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Ross building, The Edmond J. Safra Campus. Picture: Dror Bar-Natan, Fall 2001
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Research  Computer Science & Engineering

The research directions of the CSE department span from the theoretical end, in which questions pertaining the foundations of computer science are explored, all the way to the more practical end, in which  actual construction of hardware and software are studied. In between, many of our research groups are interdisciplinary, and study the fascinating borderline between computer science and other scientific fields such as biology, physics, medicine and economy.

Research groups

 

Groups overview

ARTIFICIAL INTELLIGENCE
ARTIFICIAL INTELLIGENCE  

How to get computers to work together, cooperate, share resources, and avoid conflict are the major areas that the School of Engineering Computer Science's Artificial Intelligence Group is focusing on. As the first ones in the field who applied principles from game theory to model protocols for computer agent cooperation, the Group helped established a formal framework governing the high-level behavior of interacting heterogenous computer systems.

 

[Lab's page] [Seminar]

 

People: Prof. Daniel Lehmann, Prof. Jeff Rosenschein

 

CLUSTER, GPU AND CLOUD HPC SYSTEMS
CLUSTER, GPU AND CLOUD HPC SYSTEMS  

This group is involved in experimental research and development of a management system targeted for High Performance Computing (HPC) on Linux clusters, multi-cluster, GPU clusters and Clouds. Areas of activities include algorithm for adaptive resource management, dynamic work distribution, scheduling, operating systems virtualization, gossip algorithms for information dissemination, management of clusters, GPGPU computing, HPC and parallel computing. The research performed in the laboratory has led to the development of the Multicomputer Operating System for UnIX (MOSIX), which can make Linux clusters, including GPU/APU clusters, run as a single computer with multiple processors/devices.

 

[Lab's page]

 

People: Prof. Amnon Barak

 

COMPUTATIONAL BIOLOGY
COMPUTATIONAL BIOLOGY  

As more bodies of data come to light in biology research, it has become eminently clear that our understanding of many of life's processes will emerge as a result of developing novel computational approaches. At the School of Engineering & Computer Science's new Computational Biology Croup experts in molecular biology, bioinformatics, combinatorics, computer theory, machine learning, protein structure, drug design, biophysics, computational structural biology, and statistics form a powerful body of investigators into life's genetic and molecular make-up.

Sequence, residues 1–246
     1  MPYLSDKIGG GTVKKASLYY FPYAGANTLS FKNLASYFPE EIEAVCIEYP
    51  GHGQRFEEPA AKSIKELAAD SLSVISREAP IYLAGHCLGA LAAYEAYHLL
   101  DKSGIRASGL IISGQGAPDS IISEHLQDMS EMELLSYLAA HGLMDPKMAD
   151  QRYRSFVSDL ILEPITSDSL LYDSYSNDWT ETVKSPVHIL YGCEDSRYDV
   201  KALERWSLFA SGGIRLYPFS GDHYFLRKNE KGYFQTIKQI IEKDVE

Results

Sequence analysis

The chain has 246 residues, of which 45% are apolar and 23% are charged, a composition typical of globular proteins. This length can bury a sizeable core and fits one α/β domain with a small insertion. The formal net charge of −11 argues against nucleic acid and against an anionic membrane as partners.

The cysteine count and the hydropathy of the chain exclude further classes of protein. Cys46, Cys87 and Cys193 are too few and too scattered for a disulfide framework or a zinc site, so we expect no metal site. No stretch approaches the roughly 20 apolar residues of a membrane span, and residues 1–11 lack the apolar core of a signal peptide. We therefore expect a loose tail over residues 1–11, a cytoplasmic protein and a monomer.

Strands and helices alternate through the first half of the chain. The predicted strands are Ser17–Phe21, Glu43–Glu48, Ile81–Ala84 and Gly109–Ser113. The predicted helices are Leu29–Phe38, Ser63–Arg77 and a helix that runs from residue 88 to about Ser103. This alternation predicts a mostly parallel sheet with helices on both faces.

[Lab's page]

 

People: Prof. Nir Friedman, Prof. Nati Linial, Prof. Naftali Tishby, Prof. Yair Weiss

 

COMPUTATIONAL ECONOMICS
COMPUTATIONAL ECONOMICS  

The explosive growth of the Internet has led to new challenges in the fields of e-commerce, e-Markets and cooperation between computing systems that belong to different organizations and different people. Challenges that are bringing together seemingly disparate disciplines and laying the foundations for a new integrated global market.

 

[Lab's page]

 

People: Prof. Daniel Lehmann, Prof. Noam Nisan, Prof. Jeff Rosenschein

 

COMPUTATIONAL GEOMETRY AND DESIGN
COMPUTATIONAL GEOMETRY AND DESIGN  

Representing and computing with geometric objects is of great scientific, technical and economic importance, and spans a broad spectrum of fields, such as Computer-Aided Design and Manufacturing (CAD/CAM), Computer Vision, Robotics, and many applications.

Current research in Computational Geometry and Design includes:
  1. The development of an expressive and computationally efficient framework for reasoning about geometric uncertainties with dependencies and its applications.
  2. The development of the configuration space method for computer-aided kinematic design of mechanisms with changing contacts, including kinematic analysis, tolerancing, and synthesis.

 

[Lab's page]

 

People: Prof. Michel Bercovier, Prof. Leo Joskowicz, Prof. Michael Werman

 

COMPUTATIONAL NEUROSCIENCE
COMPUTATIONAL NEUROSCIENCE  

With the help of mathematical modeling and computer simulations, researchers at the Computational Neuroscience Group are getting a better 'handle' on understanding how information is encoded and processed by neural activity in the brain. At the crux of the matter is the Group's research on understanding how the brain extracts relevant information and is thereby able to decide upon a particular action to perform.